Jan. 10 (UPI) — Oral-B Glide dental floss and other products contain PFAS, which researchers have associated with various negative health problems, a study says.
Women who flossed with Oral-B Glide had higher levels of a type of PFAS known as perfluorohexanesulfonic acid, or PFHxS, in their body versus women who didn’t use the floss, according to findings published Tuesday on Journal of Exposure Science & Environmental Epidemiology.
Other generic versions of the brand that read “compare to Oral-B Glide” and another floss with the description “single strand Teflon fiber” also tested positive for fluorine, researchers report.
PFAS provide water- and grease-proof surfaces for multiple consumer products, but also contain chemicals that cause cancer. Researchers found 11 different PFAS chemicals in the women participating in the study.
“This is the first study to show that using dental floss containing PFAS is associated with a higher body burden of these toxic chemicals,” said Katie Boronow, a staff scientist at Silent Spring and study lead author, in a news release. “The good news is, based on our findings, consumers can choose flosses that don’t contain PFAS.”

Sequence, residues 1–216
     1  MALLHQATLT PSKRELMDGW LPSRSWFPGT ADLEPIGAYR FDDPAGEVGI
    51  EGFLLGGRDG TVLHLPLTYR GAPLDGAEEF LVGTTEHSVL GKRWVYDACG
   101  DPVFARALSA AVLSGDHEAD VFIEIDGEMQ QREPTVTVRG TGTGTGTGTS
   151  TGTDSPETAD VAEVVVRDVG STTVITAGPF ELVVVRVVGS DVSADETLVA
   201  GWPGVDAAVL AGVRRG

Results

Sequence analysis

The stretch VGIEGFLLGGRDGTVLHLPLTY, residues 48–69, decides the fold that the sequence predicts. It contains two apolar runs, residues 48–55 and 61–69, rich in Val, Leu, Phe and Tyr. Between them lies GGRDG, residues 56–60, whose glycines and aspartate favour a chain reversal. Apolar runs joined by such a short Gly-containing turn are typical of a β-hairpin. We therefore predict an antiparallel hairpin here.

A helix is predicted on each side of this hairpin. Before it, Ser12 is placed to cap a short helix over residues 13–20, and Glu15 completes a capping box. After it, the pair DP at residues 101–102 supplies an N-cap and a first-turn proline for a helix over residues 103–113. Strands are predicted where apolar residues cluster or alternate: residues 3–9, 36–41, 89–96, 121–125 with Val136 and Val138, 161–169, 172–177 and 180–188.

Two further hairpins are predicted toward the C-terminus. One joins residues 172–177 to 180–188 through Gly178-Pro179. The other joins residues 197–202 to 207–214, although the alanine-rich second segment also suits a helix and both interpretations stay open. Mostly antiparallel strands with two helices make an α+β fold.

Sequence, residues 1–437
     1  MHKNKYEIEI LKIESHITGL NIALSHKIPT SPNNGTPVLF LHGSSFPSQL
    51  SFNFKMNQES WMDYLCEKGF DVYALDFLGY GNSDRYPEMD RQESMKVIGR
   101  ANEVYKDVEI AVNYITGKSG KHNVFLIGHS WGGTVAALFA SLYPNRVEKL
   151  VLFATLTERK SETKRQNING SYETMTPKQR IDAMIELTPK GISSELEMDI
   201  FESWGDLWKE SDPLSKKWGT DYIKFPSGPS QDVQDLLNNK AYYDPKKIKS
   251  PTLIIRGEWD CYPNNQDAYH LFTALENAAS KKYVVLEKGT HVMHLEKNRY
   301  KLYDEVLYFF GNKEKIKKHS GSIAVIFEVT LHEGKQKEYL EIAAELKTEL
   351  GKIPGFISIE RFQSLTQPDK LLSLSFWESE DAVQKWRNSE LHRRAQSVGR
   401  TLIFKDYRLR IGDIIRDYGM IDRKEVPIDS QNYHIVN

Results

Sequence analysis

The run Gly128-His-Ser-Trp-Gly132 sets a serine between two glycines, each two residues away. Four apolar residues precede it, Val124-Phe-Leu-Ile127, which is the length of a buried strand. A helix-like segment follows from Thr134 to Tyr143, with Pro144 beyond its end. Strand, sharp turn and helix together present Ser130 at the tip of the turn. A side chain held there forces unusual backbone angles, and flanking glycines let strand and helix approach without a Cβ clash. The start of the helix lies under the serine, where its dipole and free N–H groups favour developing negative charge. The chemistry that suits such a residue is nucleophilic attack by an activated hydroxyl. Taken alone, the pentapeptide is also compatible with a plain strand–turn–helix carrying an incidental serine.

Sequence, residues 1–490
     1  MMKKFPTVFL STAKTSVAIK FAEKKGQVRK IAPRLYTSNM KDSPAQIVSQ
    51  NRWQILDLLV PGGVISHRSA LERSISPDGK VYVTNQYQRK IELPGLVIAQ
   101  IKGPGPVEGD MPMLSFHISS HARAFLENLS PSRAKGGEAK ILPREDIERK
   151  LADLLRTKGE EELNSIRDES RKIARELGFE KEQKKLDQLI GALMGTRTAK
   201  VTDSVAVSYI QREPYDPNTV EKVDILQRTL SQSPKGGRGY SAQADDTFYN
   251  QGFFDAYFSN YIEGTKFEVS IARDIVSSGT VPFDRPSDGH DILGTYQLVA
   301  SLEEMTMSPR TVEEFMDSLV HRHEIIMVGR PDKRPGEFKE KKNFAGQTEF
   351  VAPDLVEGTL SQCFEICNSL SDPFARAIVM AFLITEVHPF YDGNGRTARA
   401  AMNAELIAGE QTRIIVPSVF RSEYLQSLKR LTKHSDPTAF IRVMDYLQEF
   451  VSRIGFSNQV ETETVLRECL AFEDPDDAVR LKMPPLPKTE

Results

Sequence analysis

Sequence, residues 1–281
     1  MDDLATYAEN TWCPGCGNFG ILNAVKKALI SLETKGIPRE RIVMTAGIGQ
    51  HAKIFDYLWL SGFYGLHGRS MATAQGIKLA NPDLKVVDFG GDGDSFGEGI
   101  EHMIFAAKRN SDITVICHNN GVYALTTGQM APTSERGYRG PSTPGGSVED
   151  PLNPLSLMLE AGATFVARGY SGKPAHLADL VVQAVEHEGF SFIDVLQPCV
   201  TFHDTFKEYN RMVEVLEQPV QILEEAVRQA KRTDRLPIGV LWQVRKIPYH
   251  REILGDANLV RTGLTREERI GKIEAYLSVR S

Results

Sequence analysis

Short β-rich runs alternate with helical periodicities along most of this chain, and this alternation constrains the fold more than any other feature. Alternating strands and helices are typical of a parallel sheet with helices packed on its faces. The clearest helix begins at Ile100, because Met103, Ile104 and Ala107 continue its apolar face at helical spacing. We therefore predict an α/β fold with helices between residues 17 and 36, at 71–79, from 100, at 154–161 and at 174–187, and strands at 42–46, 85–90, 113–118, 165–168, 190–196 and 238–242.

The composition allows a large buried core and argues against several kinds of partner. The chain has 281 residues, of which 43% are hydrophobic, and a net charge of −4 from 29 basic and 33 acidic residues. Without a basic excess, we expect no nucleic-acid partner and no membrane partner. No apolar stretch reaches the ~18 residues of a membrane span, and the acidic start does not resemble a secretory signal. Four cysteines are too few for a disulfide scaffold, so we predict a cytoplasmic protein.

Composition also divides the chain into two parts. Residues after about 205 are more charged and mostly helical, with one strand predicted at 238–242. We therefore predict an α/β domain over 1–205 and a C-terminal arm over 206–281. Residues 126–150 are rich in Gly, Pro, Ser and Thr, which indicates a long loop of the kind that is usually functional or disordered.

PFAS is found in a number of other products like non-stick pans, fast food packaging, waterproof clothes and stain-resistant carpets. People can inhale indoor air and dust and contaminated drinking water that contains PFAS.
Black women who participated in the study had increased levels of four PFAS chemicals in their blood due to eating a lot of takeout food packaged in cardboard containers.
Scientists have linked PFAS to high cholesterol, kidney and testicular cancer, thyroid disease, low birth weight, decreased fertility and effects on the immune system.
“Overall, this study strengthens the evidence that consumer products are an important source of PFAS exposure,” Boronow said. “Restricting these chemicals from products should be a priority to reduce levels in people’s bodies.”